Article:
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Tours of City Hall continue Tuesday

December 11, 2010

By BRIAN HAWKINS
and KELLY DANIELS
Starkville Daily News

Very few residents took city leaders up on their offer to tour City Hall on Friday, but officials hope that will change on Tuesday.
Members of the appointed Municipal Complex Committee scheduled the tours in hopes of building support for a new facility after people see the cramped quarters in which many city departments work in City Hall.
Less than 10 people toured the facilities on Friday, but another round of tours is scheduled from 4 to 7 p.m. Tuesday. City Hall is located at 101 E. Lampkin St. across from First Baptist Church.
“The tours are intended as an opportunity to allow people to come and see the work conditions in City Hall and be better informed about what they will be asked to vote in the future,” said Chief Administrative Officer Lynn Spruill. “The tour is aimed at helping them better understand the environment in which most of our city departments operate.”
Among the City Hall offices visitors will see are those for the Police Department, Municipal Court, the Mayor’s Office, the Public Services Department, the City Clerk’s Office, the City Engineer’s Office and the Building, Codes and Planning Department.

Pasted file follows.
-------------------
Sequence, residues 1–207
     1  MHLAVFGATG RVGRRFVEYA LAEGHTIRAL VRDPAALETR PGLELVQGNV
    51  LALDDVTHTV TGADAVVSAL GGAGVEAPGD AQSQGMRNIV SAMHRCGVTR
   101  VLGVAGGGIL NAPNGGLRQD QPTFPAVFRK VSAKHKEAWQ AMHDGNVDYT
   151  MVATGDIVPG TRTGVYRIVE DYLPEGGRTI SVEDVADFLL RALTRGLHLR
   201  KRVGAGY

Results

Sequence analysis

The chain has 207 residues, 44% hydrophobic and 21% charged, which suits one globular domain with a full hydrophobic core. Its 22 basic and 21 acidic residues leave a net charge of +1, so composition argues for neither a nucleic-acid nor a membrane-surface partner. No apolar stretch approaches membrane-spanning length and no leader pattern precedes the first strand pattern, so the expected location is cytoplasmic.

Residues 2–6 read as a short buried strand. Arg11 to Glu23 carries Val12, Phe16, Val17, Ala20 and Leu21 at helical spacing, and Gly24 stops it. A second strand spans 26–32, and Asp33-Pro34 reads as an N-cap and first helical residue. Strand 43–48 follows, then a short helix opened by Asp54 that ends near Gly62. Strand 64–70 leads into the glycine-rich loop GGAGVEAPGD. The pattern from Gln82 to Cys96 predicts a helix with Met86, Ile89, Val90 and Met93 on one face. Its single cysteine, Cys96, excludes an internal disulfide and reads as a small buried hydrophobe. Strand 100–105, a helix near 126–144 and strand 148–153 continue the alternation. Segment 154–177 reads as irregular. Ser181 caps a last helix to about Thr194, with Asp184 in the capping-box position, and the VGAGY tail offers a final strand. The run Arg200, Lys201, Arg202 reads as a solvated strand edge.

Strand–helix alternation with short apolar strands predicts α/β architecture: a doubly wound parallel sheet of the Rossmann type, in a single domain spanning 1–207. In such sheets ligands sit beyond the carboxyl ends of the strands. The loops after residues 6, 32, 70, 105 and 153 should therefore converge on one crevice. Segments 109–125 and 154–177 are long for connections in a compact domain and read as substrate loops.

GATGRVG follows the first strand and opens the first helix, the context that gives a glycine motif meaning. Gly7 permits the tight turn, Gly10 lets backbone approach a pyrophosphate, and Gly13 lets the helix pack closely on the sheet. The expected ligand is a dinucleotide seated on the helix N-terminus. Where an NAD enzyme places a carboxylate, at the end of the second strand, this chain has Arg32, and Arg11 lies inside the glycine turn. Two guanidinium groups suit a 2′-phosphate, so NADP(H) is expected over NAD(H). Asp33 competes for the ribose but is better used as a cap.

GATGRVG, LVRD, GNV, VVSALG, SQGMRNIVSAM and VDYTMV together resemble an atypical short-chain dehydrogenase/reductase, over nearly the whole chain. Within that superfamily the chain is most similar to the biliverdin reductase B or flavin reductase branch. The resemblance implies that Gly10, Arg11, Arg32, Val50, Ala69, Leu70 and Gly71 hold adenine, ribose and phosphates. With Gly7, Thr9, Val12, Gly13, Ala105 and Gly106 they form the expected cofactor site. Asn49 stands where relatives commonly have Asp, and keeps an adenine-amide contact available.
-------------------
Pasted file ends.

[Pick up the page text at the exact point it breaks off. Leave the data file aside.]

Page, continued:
Those attending the tours will be given a questionnaire asking them to give their overall impression of each of the departmental offices, whether they believe the city needs new or upgraded facilities, what priorities city leaders should set in meeting needs and what additional comments or suggestions they may have.
A floor plan of the existing City Hall structure is also being provided.
Members of the Municipal Complex Committee walked through the entire City Hall facility during their first meeting an decided to invite the public to take a tour with them.
“Walking through City Hall was an eye-opening experience, and the committee wanted get public feedback,” Mayor Parker Wiseman said last week.
The City Hall building was originally constructed in 1939 as an armory for the Mississippi National Guard, which donated the facility to the city in 1968.
Since then, the building has undergone various “face lift” renovations, but city leaders contend that the building’s interior structure is deteriorating.
As the city’s population continued to grow, the departments and their staffs have grown, as well as their duties. Many city employees share offices that once were closets or storage rooms.
Last week, Municipal Complex Committee members discussed potential properties as sites for a new facility, but have not disclosed the specific sites that were discussed.
The need for municipal government facilities has been discussed and debated at length over the last decade, with most of the initial focus being on few facilities for the Police Department and Municipal Courts.
For more information about Tuesday’s tours — which include refreshments — contact City Hall at 323-2525.

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